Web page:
Spread a little gloom

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The Independent Online
Someone must have stolen the bunting as I walked down the street to the bookmaker's shop on Friday.

The advent of nine per cent betting tax did not appear to be the panacea that many had hoped. It followed the announcement earlier in the week that turnover on racing betting for December was 13 per cent down on the same month the previous year.

For those with an interest in racing's finances there is nothing to celebrate in news from the spread-betting firms.

The only growth area in sporting speculation report that interest in the turf is dwindling like ashes in the fire. "Racing's proportion in spread betting is falling," Compton Hellyer, the chairman of Sporting Index, said. "If we were pure racing, we would have to be thinking about other markets to do in racing. We have a very rich menu on which to bet, so we don't need to rely on racing so much.

"The message is that, in the future, the man in the street is more likely to bet on sport than racing. We respond to that and I'd be surprised if the big bookmakers don't respond to it also."

The beauty, and ugliness, of spread betting is the danger. The possible loss is nowhere near what you would dream of staking at fixed odds. Spread betting is rather like attempting to remove a diamond-studded collar from a tiger's neck. The benefits could be huge, but at the same time you can do yourself a smidgen of damage.

With over 50 per cent of the spreads market, Sporting are the brand leaders of the new business. The diminutive and ebullient Hellyer has created a company in his own image, forever searching for new promotions. No sporting event these days seems to be complete without the perma-tanned Wally Pyrah, Sporting's media front, who appears to step down from Burtons' window before grabbing the corporate microphone.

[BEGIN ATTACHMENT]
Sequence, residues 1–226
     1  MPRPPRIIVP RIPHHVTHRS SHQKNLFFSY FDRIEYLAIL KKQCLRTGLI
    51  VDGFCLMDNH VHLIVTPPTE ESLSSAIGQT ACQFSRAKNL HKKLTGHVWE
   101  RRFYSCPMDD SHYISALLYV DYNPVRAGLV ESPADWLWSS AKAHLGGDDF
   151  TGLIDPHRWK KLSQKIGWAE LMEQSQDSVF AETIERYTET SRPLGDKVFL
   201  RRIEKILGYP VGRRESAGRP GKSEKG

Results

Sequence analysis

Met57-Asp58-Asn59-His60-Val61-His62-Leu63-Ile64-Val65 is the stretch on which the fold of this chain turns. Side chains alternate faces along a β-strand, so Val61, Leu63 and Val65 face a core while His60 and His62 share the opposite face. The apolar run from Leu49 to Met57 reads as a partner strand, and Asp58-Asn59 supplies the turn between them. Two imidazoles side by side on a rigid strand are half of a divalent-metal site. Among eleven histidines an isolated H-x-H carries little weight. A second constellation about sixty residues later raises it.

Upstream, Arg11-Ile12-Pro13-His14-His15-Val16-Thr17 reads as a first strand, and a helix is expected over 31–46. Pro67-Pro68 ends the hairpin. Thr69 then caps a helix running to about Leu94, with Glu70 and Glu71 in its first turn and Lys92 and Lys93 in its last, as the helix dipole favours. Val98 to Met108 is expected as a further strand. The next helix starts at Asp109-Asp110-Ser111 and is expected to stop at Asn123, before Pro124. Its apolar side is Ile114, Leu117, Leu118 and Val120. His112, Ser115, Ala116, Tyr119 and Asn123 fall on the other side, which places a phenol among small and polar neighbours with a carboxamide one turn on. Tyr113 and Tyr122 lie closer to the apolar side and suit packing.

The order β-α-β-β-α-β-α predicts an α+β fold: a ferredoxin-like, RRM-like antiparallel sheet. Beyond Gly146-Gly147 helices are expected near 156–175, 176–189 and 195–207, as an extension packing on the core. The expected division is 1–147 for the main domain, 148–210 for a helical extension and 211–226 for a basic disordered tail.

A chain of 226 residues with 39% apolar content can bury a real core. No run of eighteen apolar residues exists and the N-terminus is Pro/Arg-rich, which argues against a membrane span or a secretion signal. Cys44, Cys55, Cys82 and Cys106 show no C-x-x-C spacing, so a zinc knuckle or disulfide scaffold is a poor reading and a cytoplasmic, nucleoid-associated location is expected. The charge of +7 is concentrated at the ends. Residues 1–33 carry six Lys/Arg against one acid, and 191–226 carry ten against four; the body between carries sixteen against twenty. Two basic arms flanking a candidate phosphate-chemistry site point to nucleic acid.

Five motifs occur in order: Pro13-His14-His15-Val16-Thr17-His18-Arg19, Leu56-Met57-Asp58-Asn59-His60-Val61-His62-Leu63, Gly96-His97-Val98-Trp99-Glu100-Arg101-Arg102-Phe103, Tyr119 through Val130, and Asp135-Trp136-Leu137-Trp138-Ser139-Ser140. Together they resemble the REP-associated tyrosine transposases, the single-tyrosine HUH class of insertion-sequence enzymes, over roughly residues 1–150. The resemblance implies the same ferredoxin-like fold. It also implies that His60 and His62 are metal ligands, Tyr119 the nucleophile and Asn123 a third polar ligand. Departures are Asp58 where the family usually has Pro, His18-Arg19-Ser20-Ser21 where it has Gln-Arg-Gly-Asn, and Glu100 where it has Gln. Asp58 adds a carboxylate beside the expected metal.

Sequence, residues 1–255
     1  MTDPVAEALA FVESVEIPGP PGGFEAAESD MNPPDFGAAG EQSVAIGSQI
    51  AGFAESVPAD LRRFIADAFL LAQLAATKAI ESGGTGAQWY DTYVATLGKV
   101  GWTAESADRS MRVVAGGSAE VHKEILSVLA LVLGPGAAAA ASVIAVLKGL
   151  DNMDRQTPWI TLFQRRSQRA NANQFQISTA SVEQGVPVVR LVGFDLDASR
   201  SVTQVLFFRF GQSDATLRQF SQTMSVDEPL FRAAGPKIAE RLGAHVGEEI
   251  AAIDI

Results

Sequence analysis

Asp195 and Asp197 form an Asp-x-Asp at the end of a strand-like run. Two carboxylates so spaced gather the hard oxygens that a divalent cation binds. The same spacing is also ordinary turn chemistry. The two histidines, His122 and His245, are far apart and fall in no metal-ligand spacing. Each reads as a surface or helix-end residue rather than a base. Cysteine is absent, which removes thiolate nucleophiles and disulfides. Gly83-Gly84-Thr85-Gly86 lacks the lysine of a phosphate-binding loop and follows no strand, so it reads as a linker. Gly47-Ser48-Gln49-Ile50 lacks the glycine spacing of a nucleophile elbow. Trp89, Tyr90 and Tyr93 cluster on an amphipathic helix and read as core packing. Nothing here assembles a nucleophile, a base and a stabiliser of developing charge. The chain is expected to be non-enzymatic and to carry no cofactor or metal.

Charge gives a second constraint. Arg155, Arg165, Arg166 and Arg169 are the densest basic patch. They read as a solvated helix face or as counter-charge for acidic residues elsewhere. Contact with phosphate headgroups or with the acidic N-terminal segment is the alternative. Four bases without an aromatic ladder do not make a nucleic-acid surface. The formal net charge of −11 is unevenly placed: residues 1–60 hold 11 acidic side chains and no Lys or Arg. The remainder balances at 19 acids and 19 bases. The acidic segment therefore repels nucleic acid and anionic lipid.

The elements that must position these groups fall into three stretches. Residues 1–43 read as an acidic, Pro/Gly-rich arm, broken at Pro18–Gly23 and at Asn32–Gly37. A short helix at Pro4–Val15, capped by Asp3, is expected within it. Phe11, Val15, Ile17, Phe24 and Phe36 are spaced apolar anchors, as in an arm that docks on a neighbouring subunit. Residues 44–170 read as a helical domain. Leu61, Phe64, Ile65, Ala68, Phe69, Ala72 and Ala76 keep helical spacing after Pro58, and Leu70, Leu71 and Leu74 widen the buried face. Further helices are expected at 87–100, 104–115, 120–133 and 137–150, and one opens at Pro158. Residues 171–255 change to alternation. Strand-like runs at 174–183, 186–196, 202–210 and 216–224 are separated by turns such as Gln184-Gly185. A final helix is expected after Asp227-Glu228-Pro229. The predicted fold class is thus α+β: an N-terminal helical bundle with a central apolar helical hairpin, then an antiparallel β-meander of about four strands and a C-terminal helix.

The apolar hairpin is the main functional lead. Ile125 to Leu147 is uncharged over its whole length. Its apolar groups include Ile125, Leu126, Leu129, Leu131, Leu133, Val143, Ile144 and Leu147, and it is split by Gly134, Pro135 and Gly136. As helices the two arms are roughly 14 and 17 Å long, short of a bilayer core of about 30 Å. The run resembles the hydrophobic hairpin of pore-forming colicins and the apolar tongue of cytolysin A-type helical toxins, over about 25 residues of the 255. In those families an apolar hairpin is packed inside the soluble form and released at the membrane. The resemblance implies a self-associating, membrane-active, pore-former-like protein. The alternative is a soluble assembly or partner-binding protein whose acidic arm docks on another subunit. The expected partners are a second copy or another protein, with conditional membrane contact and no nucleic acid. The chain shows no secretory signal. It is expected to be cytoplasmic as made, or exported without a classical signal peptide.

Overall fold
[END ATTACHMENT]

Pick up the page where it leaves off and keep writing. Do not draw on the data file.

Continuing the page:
Today Sporting Index go on to the Internet, the information super highway. This probably means more to people other than this author, who is on the information super cul-de-sac.

As they muscle for business, with rival firms City Index and IG Index, Sporting have new competition in the market, William Hill Index, who have just completed their 23rd trading week. If this intrusion has hurt, it is well hidden.

If a newcomer to an industry is proffered an olive branch he can usually expect a tarantula among the leaves, but here, it seems, friendliness abounds. "We welcome the advent of William Hill Index because we think it gives credibility and stature to our industry," Hellyer said.

Mike Quigley, the man behind William Hill Index, is grateful too to Sporting Index for hacking a trail through the bureaucracy of the spread-betting woods. It may be that the Big Three bookmakers will be further represented, as Ladbrokes have long been scrutinising this market. Those already involved hope they will follow the option of buying an existing firm rather than extending the population.

William Hill talk of their recent involvement as guided by "innovation and initiative". My teacher used to call it copying, but this has not stopped the firm building a base of 1,500 clients.

Quigley too does not have syringe-fuls of joy to pump into racing's hopes. "I don't think there is a tremendous growth market in horserace spread betting. That isn't the answer for us," he said. "The guys in charge of credit betting are aware that people are punting with us and they're losing a bit of turnover. But if William Hill Index didn't exist those people would be playing with Sporting or City.

"Horse racing doesn't adapt itself to spreads as much as other sports. Football, golf and cricket, and runs, shots and numbers seem better suited. The business on racing is light during the week. You don't get more than a few city dealers and others in the business playing."

Those dependent on racing revenue can leave the bunting in the attic then. Instead, hook a wreath over the door knob.